My CTEI co-director suggested I use Padlet. It is an app that allows you to create documents together. Currently I am using it for the task of keeping shopping lists. It can do much more.

A basic padlet
A basic Padlet

The lists and types of documents remind me of Pinterest. You can make these public, password protected, or hidden- URL is not searchable, but those with the URL can edit. The content does not have to be just text. You can post images. You can post documents such as PDF.

You can change the background. You can use more expressive formats than just columns to organize (although why would you?).

One drawback is that free users can only create 3 Padlets at a time and annual plans cost $99.  You do get no ads, folders, and larger files for that price. You can also point a domain you own at your Padlet site. $99 seems high to me and the free version does not let you experiment with their folder system to see how it works. For now I think I will use different tools for classroom collaboration. For users without an LMS or who want more creativity than an LMS often gives, or those who do not want to use tools from companies like Google this might make more sense.

I do like it better than using Alexa, or Google Assistant to maintain a shopping list.

ICTCM #10 Westpoint and Quality Presentations


Westpoint had a librarian who spoke about how she helps students make the best projects.

  • WP teachers talk about how to present accurately and effectively (this is a substantial Powerpoint. Nearly every slide seemed relevant. Some things were mathematical- watch your scale, only use pie charts if you have the same base. Some was visual- no spaghetti graphs,no exploded pie charts, don’t use pie charts just to compare sizes of pieces.
  • They talk about copyright and Creative Commons licensing
  • They have examples of students who have made lots of presentation errors. They use these to show students what happens if you do not draft and revise. The slides seem to work in preventing similar errors.



The presenter at one session gave interesting discussion about how cards in Magic-like games need to have their power in play be near their cost to acquire. Some variability is desired, but too much can destroy the game.

He then compared this with the fall of the Roman Republic. It was a very interesting metaphor.

The Magic-like game graph of cost versus power is a great example of linear fit, but both the students and me would have to learn more about it first.

Also, Racer 5 IPA is a little too mellow of an IPA. Again, it is smooth and I would get it again, but I prefer IPA’s to somehow be interesting.



Westpoint is doing some group assessment JL and SB attended sessions also.

Eric Gaze has great projects I will share with SS-S and SBt. I might use building a grade book as my project this semester. I might use unit conversions in future semesters. This was probably the most valuable session I attended.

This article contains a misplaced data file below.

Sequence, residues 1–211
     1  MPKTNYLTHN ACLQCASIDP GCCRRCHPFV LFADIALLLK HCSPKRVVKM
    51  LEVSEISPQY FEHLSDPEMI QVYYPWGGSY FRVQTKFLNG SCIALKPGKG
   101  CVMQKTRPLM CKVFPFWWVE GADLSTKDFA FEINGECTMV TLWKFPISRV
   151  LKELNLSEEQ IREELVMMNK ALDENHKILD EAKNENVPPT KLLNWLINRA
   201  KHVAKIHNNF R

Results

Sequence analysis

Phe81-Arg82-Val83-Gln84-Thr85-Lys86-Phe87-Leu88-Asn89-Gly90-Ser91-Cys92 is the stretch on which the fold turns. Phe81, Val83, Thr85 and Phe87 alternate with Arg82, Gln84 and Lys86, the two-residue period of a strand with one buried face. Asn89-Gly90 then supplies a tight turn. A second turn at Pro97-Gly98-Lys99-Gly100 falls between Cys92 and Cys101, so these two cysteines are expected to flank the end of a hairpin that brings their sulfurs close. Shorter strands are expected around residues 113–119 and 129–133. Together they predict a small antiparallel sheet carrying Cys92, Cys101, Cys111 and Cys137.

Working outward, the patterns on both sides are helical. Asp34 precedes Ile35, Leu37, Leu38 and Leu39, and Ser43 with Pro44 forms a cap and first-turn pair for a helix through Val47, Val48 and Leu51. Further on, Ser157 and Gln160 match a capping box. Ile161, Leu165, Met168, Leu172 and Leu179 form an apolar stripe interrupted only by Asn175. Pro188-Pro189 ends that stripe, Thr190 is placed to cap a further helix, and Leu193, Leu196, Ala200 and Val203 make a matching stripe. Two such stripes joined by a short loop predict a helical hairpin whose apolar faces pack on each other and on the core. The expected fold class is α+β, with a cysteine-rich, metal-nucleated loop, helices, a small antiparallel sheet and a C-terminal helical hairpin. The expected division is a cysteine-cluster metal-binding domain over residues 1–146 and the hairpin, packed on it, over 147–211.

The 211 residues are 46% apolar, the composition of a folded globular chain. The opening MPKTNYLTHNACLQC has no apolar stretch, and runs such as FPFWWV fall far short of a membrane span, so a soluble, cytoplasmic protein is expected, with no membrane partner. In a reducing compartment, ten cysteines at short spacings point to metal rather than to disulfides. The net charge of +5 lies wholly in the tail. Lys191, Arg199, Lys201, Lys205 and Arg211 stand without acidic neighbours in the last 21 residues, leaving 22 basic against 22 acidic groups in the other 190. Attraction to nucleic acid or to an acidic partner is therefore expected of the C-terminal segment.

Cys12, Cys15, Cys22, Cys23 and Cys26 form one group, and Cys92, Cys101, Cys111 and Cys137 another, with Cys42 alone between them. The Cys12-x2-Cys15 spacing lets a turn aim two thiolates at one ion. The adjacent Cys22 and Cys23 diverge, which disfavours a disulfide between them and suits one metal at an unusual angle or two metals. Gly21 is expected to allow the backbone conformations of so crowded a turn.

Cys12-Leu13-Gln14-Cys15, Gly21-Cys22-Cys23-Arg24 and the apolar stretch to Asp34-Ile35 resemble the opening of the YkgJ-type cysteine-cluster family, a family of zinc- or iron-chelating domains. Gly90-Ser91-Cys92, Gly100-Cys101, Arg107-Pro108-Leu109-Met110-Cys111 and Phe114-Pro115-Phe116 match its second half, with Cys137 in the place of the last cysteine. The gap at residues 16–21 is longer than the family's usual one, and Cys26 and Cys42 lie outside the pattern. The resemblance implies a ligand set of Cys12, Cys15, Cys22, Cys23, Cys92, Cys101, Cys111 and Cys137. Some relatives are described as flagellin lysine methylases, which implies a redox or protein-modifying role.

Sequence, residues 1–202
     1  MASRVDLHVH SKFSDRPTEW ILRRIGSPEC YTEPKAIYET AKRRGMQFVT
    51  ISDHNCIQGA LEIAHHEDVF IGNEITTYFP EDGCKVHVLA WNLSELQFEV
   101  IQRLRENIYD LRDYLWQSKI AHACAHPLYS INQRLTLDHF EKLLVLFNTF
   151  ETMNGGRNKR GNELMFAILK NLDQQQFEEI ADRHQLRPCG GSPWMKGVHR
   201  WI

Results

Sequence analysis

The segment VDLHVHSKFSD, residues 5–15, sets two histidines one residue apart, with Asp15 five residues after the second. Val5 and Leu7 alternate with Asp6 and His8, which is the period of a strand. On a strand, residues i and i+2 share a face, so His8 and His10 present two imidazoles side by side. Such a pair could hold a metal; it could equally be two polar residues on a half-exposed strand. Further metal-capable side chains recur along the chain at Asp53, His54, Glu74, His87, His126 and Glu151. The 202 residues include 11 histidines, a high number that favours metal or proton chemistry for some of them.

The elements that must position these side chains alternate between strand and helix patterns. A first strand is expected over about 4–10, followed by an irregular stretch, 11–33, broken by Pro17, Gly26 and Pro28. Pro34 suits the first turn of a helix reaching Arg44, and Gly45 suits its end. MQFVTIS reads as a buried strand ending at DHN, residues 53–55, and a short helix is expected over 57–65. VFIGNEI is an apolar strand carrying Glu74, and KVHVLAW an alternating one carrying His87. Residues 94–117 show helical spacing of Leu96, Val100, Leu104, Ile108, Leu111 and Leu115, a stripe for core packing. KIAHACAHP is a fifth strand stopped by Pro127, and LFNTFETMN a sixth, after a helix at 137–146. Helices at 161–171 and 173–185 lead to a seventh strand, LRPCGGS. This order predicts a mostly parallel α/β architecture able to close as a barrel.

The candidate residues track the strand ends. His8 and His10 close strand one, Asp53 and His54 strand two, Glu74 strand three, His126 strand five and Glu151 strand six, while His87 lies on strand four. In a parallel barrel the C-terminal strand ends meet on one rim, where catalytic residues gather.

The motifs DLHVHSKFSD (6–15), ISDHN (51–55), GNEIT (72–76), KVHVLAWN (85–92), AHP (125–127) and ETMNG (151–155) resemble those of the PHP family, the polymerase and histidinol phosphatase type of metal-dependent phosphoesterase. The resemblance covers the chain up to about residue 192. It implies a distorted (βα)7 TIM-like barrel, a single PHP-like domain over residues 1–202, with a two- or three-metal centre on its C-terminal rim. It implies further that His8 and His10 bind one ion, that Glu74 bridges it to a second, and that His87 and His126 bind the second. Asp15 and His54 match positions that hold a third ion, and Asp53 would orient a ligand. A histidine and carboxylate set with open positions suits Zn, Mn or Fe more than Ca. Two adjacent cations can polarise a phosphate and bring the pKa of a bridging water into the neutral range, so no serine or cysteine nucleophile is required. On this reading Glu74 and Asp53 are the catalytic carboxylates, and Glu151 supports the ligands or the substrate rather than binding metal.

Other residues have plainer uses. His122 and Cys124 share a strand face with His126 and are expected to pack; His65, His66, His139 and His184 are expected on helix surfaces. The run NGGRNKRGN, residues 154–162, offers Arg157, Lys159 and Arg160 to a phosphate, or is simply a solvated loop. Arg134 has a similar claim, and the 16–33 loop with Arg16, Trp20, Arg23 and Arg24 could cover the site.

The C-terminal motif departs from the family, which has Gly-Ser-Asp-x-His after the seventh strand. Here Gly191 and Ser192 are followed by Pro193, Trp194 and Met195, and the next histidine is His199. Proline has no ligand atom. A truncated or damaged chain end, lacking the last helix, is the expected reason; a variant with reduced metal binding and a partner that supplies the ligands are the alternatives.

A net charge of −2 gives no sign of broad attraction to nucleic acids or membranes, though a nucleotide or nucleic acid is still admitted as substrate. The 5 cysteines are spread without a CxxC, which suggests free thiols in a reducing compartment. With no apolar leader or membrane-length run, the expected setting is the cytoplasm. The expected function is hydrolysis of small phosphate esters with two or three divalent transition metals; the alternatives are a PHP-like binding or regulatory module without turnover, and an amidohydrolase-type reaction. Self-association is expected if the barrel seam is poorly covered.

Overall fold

NOT BASEBALL has a great activity on opioids. The data is clearly piecewise- linear for several years and then exponential. I plan to redo day 3, or day 4 in Math 131 when we bridge from linear to exponential growth with a version of this activity. It could be changed into a project, too. Tom Reardon deserves credit for developing the activity.

A Demographics of Murder session was interesting, but would be better for a stat course since there is little correlation between guns and national murder rate, corruption and national murder rate, income inequality and national murder rate, or incarceration and national murder rate. When you only have a little time it is not great to have all “non-correlations.” I can probably get the data if anyone is interested.



The morning general session on Saturday had four panelists giving the past, present, and future of technology along with audience participation, and audience Q and A- all in 45 minutes. Not much in depth was done. There was also a lot of pushing of TI and Pearson solutions, which given the background of two panelists, was not shocking.

One thing I did learn about was Flipgrid. It seems essentially to be a video version of threaded discussion. I think you have to be careful about how you use it because one advantage of writing is you can see the length of a post quickly and parse quickly to a part you wish to reread. This is harder on video. On the other hand for some students creating a video response might be easier. Flipgrid claims they can add close captioning to student videos to meet accessibility requirements.



I went to a cell phone app presentation. I knew of all the apps presented. Ask me if you want students to use cell phones productively in class, I guess.  (Actually, I wish we had shared through the room since I think we could have learned something from each other).